Williams took his own life on the 11th August 2014, and the world mourned the tragic loss of a uniquely talented performer.
When the autopsy report came back from the coroner, however, it indicated that the actor had been misdiagnosed.
He didn’t have Parkinson’s disease.
What he actually had was Dementia with Lewy bodies (or DLB).
What is Dementia with Lewy bodies?
In this post we discuss several recently published research reports suggesting that Parkinson’s disease may be an autoimmune condition. “Autoimmunity” occurs when the defence system of the body starts attacks the body itself.
This new research does not explain what causes of Parkinson’s disease, but it could explain why certain brain cells are being lost in some people with Parkinson’s disease. And such information could point us towards novel therapeutic strategies.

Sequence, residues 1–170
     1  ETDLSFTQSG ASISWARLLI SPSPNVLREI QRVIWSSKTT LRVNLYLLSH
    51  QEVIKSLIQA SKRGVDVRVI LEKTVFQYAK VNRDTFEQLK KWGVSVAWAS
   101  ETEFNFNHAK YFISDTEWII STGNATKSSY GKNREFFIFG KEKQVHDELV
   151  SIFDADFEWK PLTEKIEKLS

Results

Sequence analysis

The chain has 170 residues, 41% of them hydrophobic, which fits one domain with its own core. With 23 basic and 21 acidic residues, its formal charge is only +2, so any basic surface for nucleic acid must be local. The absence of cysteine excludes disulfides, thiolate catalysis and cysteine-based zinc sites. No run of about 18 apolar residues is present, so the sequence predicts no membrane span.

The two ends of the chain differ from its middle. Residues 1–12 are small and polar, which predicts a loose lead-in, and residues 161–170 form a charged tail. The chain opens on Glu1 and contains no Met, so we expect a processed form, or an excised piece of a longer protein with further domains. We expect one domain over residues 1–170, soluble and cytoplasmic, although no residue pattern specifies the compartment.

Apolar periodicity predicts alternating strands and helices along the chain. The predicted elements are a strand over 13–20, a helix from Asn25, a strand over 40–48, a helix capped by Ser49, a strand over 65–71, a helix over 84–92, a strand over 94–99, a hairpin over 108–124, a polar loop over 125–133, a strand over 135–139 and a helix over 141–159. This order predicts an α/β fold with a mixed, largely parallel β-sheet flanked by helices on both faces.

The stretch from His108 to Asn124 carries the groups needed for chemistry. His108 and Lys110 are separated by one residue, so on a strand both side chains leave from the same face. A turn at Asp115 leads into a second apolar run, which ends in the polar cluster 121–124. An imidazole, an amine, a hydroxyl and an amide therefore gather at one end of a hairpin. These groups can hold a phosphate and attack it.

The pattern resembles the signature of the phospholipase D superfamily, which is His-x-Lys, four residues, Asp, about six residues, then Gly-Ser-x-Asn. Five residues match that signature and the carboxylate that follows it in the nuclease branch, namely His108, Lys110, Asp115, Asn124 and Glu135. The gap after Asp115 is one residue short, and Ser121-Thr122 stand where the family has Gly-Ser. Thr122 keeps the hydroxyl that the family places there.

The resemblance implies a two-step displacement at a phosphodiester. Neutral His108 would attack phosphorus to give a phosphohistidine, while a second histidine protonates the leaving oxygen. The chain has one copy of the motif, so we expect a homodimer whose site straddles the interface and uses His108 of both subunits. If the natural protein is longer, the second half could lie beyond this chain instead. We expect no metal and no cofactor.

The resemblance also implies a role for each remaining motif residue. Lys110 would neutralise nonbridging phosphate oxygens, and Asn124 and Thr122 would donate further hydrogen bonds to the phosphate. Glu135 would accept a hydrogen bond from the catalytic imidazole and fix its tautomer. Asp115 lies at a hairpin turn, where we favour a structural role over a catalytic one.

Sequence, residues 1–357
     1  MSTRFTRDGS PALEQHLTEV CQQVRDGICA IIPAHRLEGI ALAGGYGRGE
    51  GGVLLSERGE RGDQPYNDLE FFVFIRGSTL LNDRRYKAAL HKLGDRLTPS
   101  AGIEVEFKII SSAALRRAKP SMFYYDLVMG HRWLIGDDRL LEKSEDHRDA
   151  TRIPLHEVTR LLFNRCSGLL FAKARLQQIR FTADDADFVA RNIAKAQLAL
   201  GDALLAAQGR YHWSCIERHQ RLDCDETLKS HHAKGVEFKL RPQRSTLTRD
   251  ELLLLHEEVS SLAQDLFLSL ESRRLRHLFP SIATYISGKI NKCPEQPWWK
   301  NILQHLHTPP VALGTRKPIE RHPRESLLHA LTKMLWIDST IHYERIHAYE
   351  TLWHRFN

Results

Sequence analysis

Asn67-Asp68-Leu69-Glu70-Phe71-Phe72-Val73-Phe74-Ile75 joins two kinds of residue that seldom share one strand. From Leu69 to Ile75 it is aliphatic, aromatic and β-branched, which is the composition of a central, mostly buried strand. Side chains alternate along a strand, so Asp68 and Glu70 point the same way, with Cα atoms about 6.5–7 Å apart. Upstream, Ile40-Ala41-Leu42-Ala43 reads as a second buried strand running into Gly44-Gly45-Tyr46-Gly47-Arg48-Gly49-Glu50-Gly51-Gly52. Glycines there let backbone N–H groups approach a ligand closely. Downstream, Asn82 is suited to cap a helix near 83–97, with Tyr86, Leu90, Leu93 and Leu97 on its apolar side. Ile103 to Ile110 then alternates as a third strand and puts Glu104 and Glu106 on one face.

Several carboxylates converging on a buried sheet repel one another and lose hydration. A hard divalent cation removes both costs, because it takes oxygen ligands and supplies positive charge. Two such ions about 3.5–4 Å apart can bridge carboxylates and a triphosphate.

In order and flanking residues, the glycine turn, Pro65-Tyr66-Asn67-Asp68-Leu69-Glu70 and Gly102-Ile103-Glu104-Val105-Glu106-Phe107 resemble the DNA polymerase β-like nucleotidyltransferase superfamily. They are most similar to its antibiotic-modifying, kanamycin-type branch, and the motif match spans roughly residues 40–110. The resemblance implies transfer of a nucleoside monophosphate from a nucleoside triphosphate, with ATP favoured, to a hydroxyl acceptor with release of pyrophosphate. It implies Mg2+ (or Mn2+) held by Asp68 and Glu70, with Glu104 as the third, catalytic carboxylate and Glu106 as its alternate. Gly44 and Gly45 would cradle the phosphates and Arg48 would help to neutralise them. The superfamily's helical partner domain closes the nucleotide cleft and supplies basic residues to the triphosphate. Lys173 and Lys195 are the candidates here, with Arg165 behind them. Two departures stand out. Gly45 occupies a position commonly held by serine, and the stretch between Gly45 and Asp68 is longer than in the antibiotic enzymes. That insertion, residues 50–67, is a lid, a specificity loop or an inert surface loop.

The first issue of Nature. Source: SimpleWikipedia
The journal Nature was first published on 4th November 1869, by Alexander MacMillan. It hoped to “provide cultivated readers with an accessible forum for reading about advances in scientific knowledge.” It has subsequently become one of the most prestigious scientific journals in the world, with an online readership of approximately 3 million unique readers per month (almost as much as we have here at the SoPD).
Each Wednesday afternoon, researchers around the world await the weekly outpouring of new research from Nature. And this week a research report was published in Nature that could be big for the world of Parkinson’s disease. Really big!
On the 21st June, this report was published:
Title: T cells from patients with Parkinson’s disease recognize α-synuclein peptides
Authors: Sulzer D, Alcalay RN, Garretti F, Cote L, Kanter E, Agin-Liebes J, Liong C, McMurtrey C, Hildebrand WH, Mao X, Dawson VL, Dawson TM, Oseroff C, Pham J, Sidney J, Dillon MB, Carpenter C, Weiskopf D, Phillips E, Mallal S, Peters B, Frazier A, Lindestam Arlehamn CS, Sette A
Journal: Nature. 2017 Jun 21. doi: 10.1038/nature22815.